Sacred Land Action Alert

Peabody Energy & Office of Surface Mining Collude to Reopen Black Mesa Strip Mine

A few days before Christmas, the Office of Surface Mining unexpectedly released a 758-page Draft Environmental Impact Statement (EIS) on Peabody Energy's Black Mesa Mining complex. There is a lot of political pressure from the Salt River Project to reopen the shuttered Mohave power plant to provide electricity to Phoenix, and Peabody is trying to take advantage of this to obtain a "Life-of-Mine" permit to revive their Black Mesa Mine and restart the slurry line that we all worked 30 years to shut down. Comment letters are needed by February 6. A sample letter and full instructions along with additional information are below.

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Additional information regarding Peabody Energy and Black Mesa:

Peabody Energy and the Office of Surface Mining are planning to reopen the devastating Black Mesa Mine Project! The Hopi and Navajo need your help!

The Office of Surface Mining, the federal agency in charge of regulating mining in the United States, may allow coal giant Peabody Energy to once again drain the precious aquifers of Black Mesa in northern Arizona, sacred waters to the Hopi and Navajo and lifeblood of the region's fragile environment. Your comment letters are needed by February 6 (see sample letter below).


The Office of Surface Mining (OSM) has issued a 758-page Draft Environmental Impact Statement (EIS) that assesses the impact of mining on the Coconino and Navajo Aquifers on Arizona's Black Mesa, in the heart of the Hopi and Navajo Nations. OSM's recommendations would pave the way for Peabody to reopen its Black Mesa Mine and with it the destructive coal slurry line that had dramatically drained the Navajo Aquifer for 30 years. What's at stake is a fragile ecosystem in the midst of drought, the drinking water for thousands of residents in the growing towns around the Colorado Plateau, and the cultural heritage of the Hopi and Navajo peoples.
The Black Mesa Project targets pristine groundwater to slurry coal to the Mohave Generating Station - a practice that the community opposed for three decades and succeeded in stopping last year. Despite the closure of the air-polluting Mohave power plant, and with no viable plans for reopening it, Peabody Energy and Salt River Project are moving forward with plans to re-start these destructive practices. This time, Peabody Energy and Salt River Project want to tap into the Coconino Aquifer (south of Black Mesa, between Flagstaff and Winslow) while also increasing access to the Navajo Aquifer, so that they can reopen the controversial coal slurry line from the Black Mesa Mine to the Mohave power plant in Laughlin, Nevada (273 miles to the west).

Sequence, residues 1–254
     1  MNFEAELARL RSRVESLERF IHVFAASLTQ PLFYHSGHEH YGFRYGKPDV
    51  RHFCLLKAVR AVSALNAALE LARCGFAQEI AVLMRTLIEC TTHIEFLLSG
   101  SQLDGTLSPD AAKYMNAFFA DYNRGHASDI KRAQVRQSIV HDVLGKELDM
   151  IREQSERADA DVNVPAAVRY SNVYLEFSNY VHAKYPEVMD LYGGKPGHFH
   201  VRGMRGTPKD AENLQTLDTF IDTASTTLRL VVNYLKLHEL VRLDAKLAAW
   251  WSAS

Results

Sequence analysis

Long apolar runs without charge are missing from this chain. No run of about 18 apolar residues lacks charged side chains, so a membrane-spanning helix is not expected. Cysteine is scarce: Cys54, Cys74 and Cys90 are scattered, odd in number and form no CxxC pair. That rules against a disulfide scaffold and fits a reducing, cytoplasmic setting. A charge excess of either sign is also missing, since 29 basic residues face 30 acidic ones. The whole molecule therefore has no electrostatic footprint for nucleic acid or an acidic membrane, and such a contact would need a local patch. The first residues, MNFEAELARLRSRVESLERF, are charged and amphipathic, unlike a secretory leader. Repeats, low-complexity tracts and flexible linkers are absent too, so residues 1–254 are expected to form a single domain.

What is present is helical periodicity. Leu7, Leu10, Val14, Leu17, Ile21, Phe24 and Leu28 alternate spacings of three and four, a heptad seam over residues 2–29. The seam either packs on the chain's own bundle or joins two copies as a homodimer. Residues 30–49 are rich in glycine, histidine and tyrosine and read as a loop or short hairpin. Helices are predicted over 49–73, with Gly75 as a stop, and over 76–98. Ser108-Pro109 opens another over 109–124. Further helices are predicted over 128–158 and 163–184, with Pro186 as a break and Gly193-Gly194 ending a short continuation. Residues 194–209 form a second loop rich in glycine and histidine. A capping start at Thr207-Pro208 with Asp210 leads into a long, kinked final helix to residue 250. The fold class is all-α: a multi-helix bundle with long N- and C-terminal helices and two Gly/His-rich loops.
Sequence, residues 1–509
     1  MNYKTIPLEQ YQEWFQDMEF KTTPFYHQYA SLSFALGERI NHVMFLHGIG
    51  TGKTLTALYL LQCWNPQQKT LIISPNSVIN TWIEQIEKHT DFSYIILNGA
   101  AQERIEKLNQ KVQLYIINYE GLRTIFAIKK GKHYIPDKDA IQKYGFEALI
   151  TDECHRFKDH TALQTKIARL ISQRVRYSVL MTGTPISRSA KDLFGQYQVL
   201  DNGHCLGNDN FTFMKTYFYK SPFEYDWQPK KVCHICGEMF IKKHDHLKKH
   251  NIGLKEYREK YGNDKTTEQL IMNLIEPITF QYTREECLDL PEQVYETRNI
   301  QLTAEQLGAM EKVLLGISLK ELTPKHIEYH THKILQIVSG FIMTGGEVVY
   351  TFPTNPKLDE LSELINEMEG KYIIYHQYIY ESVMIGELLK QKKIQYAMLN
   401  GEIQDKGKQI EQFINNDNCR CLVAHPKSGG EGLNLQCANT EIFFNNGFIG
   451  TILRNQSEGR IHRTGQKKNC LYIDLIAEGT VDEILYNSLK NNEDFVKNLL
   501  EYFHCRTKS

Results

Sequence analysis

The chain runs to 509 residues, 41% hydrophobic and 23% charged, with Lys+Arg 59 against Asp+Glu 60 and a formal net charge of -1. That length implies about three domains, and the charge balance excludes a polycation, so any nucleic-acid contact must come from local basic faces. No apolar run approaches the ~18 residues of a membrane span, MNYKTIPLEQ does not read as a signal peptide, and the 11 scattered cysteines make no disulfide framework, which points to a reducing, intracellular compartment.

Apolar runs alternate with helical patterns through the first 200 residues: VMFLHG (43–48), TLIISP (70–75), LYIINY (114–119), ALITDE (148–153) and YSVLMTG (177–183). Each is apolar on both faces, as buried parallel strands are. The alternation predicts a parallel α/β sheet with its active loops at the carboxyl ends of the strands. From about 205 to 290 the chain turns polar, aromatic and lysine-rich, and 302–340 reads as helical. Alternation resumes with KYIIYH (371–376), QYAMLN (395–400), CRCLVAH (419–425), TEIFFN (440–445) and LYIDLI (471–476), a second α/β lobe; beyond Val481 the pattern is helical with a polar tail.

The Office of Surface Mining fast-tracked public hearings immediately after the holiday season in early January (precluding participation by Hopis who were participating in winter solstice ceremonies). The EIS public comment deadline is February 6.

Peabody's plan to use the Navajo and Coconino Aquifers to once again slurry coal to the Mohave Power Station is "Alternative A" (or most preferred) in OSM's draft EIS. Peabody's plan would mean that mining would expand into undeveloped areas, tap further into the Coconino and Navajo Aquifers, and force the relocation of at least 17 Black Mesa residents and 55 residents in the Leupp area, south of Black Mesa. The Navajo Aquifer has already been devastated, with 7 local springs and several wells down by approximately 30%. If Alternative A is approved, Peabody could pump up to 6,000 acre feet per year from the Navajo Aquifer until 2026, a 33% increase over what they extracted from 1970 to 2005. Meanwhile, Peabody has not taken the steps mandated by federal law to reduce its hydrological impact at the Kayenta Mine, another mine it currently operates on Black Mesa.

Most critically, the OSM is considering issuing a "Life-of-Mine" permit to Peabody, which would mean that Peabody could mine coal at Black Mesa until 2026. (The controversial mine was allowed to operate with a temporary permit for 30 years!)